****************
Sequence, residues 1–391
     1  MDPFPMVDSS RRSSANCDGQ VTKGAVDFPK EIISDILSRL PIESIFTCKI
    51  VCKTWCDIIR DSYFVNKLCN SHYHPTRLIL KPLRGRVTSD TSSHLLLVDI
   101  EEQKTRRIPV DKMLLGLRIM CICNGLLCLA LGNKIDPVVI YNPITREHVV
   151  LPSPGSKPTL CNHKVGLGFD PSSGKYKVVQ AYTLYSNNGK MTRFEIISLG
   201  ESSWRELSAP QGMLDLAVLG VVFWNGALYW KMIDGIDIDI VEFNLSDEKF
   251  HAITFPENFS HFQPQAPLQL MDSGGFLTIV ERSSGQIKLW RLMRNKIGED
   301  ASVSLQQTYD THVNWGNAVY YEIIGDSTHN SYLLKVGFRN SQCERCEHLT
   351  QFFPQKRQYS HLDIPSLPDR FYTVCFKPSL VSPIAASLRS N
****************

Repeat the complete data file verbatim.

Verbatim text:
Sequence, residues 1–391
     1  MDPFPMVDSS RRSSANCDGQ VTKGAVDFPK EIISDILSRL PIESIFTCKI
    51  VCKTWCDIIR DSYFVNKLCN SHYHPTRLIL KPLRGRVTSD TSSHLLLVDI
   101  EEQKTRRIPV DKMLLGLRIM CICNGLLCLA LGNKIDPVVI YNPITREHVV
   151  LPSPGSKPTL CNHKVGLGFD PSSGKYKVVQ AYTLYSNNGK MTRFEIISLG
   201  ESSWRELSAP QGMLDLAVLG VVFWNGALYW KMIDGIDIDI VEFNLSDEKF
   251  HAITFPENFS HFQPQAPLQL MDSGGFLTIV ERSSGQIKLW RLMRNKIGED
   301  ASVSLQQTYD THVNWGNAVY YEIIGDSTHN SYLLKVGFRN SQCERCEHLT
   351  QFFPQKRQYS HLDIPSLPDR FYTVCFKPSL VSPIAASLRS N